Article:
You’re about to buy a delightful pair of pants from your favorite online store when you notice a small box near the checkout button labelled “Promo Code.” Hmmm, you think, I was about about to pay full price for these slacks like a complete sucker when there are discounts to be had. Miffed, you do a quick Google search for coupon codes.
When you search for an online coupon, more often than not, you’ll land on the promo code aggregation site RetailMeNot. RetailMeNot is a publicly traded company that is worth $1.8BN after its IPO last year. In 2013, the company did over $200 million in revenue; RetailMeNot has turned coupon codes into big business.
According to company filings, RetailMeNot currently gets 63% of its traffic from search engines and 96% of its revenue from affiliate commissions on sales. The key factor in RetailMeNot’s success is reliably topping the Google search results for coupon code related queries, and then turning that traffic into referral fees.
Given Google’s dominance in search, conquering its results page can be incredibly lucrative. But in RetailMeNot’s case, it’s also a lot of eggs in one basket. A shift in the Google search algorithm could cause the entire company to collapse. Traffic would plummet, leading to declining revenues and a flailing stock price.
Priceonomics Data Services analyzes SEO (search engine optimization) risk of publicly traded companies for our hedge fund customers. We crawl the web to see how these companies’ search engine results are improving or deteriorating. For SEO-driven businesses like Zillow, Yelp, and TripAdvisor, this is an important leading indicator of their fortunes.
Since RetailMeNot is an SEO-driven company par excellence, we thought it would be interesting to showcase some of the work we do. Let’s review 1) The clever way RetailMeNot makes money 2) Just how important search engine traffic is to its business, and 3) Exactly how dominant the company is at winning the SEO game for coupon codes.
The Clever Way RetailMeNot Makes Money
Have you ever noticed that when you search for flights on travel sites like Kayak.com, a bazillion popups come up from competitors like Expedia.com? WTF Kayak, how the heck are we supposed to deal with four simultaneous popups? What kind of user experience is that?
Kayak and similar companies blitzkrieg you with popups for one reason: to place tracking cookies in your browser. From your perspective, the Expedia.com window is an infuriating popup. From Expedia.com’s perspective, however, Kayak has sent them some referral traffic. If you visit Expedia.com and make a purchase in the next month or so, Kayak will get an affiliate fee because of the cookie it placed in your browser.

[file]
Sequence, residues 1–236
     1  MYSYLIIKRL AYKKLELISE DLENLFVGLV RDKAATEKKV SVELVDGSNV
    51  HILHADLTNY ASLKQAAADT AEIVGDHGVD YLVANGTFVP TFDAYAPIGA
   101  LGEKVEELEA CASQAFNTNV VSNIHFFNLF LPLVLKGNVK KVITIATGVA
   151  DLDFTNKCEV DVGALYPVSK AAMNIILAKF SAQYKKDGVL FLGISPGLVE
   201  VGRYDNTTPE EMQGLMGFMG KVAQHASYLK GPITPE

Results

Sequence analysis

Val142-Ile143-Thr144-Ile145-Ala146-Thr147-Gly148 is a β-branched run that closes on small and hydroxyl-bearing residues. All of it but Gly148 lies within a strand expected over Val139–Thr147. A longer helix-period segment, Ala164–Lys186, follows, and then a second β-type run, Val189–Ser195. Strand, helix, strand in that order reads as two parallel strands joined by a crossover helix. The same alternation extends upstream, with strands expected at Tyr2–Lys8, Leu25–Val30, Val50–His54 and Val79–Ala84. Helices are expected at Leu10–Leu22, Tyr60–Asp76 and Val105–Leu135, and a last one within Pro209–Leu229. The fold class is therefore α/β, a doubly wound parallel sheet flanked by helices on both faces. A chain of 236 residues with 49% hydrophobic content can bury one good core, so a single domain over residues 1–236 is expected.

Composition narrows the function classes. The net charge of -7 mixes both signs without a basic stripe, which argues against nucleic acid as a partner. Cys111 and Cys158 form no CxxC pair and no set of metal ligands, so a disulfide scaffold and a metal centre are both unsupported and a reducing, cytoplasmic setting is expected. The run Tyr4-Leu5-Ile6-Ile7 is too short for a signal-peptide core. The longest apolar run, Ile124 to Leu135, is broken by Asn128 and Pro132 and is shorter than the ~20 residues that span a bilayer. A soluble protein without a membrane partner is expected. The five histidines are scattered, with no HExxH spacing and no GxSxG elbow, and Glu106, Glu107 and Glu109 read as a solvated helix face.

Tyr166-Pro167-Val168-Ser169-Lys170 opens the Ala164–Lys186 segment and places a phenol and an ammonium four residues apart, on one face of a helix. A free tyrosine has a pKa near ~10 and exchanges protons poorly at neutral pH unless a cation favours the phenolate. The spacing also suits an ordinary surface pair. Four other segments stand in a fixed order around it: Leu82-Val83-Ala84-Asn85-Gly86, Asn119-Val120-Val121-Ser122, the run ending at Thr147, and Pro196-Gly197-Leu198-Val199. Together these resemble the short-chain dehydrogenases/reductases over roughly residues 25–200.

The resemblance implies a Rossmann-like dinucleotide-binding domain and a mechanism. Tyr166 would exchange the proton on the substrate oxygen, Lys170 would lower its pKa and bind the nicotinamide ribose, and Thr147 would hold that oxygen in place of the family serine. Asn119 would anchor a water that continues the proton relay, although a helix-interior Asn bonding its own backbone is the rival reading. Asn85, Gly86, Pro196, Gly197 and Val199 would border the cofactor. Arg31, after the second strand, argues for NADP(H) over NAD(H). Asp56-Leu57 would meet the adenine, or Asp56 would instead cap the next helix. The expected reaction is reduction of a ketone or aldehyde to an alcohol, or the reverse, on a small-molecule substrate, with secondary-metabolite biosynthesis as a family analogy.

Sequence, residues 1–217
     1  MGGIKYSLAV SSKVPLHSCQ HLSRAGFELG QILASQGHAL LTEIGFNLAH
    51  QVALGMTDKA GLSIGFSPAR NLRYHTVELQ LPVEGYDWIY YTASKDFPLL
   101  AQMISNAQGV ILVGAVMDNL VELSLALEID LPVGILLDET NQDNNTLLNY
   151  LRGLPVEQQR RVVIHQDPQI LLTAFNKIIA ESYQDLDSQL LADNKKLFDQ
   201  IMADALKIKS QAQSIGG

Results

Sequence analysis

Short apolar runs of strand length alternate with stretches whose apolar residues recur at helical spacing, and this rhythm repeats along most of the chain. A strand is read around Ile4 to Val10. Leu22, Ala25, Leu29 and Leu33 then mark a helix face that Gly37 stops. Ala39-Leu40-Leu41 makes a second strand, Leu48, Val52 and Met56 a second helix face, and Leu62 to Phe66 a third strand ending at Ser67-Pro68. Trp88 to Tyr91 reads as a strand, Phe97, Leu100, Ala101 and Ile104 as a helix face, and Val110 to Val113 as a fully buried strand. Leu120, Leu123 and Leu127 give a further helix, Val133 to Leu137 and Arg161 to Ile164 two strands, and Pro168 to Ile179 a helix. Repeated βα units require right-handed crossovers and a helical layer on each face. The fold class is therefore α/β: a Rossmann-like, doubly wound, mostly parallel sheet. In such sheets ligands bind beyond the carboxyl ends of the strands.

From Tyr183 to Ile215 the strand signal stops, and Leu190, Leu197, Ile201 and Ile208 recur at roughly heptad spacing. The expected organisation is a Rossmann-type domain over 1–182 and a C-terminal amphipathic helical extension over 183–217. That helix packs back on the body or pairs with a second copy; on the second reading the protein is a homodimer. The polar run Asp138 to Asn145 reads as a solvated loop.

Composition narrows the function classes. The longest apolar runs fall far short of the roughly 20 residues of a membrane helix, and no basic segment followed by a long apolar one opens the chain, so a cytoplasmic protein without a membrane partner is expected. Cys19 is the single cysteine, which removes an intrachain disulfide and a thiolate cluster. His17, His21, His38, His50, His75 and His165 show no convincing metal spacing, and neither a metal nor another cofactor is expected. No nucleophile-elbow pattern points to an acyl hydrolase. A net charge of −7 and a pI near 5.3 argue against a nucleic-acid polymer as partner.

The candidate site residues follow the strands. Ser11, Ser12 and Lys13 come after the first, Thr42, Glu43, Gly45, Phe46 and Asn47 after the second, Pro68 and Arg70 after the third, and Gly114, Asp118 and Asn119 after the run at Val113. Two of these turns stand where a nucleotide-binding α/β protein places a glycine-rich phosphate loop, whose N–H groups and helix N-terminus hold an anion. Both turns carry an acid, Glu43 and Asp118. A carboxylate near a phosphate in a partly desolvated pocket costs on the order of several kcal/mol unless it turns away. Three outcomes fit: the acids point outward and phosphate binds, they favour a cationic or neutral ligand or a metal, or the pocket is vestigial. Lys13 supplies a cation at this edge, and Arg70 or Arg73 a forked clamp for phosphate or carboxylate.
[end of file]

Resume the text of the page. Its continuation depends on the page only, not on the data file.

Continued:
RetailMeNot describes how this works in their annual report:
This practice is generally known as “last- click attribution.” We generate the vast majority of our net revenues through transactions for which we receive last-click attribution.
RetailMeNot made $210 million last year, and most of it came from affiliate fees for being attributed as the last click:
Most of our net revenues come from commissions earned for promoting digital coupons on behalf of retailers. Often, the commissions we earn are tracked and paid by performance marketing networks. For 2013, 96.1% of our net revenues came from retailers that pay us through performance marketing networks, primarily Commission Junction and LinkShare.
Let’s walk through what that means for RetailMeNot with an example. Say you’re going to make a purchase on Amazon, so you Google “Amazon coupon.” You click the RetailMeNot link in the search results, which takes you to a page for “Amazon coupons.”
It seems they offer some sort of coupon, but you need to click a button to “access the deal.” Hmm, okay. You click the button.
This unleashes a brief, inexplicable flash on your screen. Like you could swear something funny just happened, but you’re not sure what.
If you look at your tabs, you’ll notice Amazon.com was opened in a background tab with an affilate tracking cookie in the URL. So, when you buy something from Amazon, RetailMeNot gets a 4% commission no matter what you buy.
Where did that tab come from?
This glosses over some of the nuance, but paints the general picture of how RetailMeNot makes money. Get traffic, send traffic to retailers that’s attributed to RetailMeNot.com, and get paid. Sometimes the company has direct relationships with retailers who run coupon code campaigns with them. Other times, they might not have a direct relationship, but still make money through the company’s affiliate programs.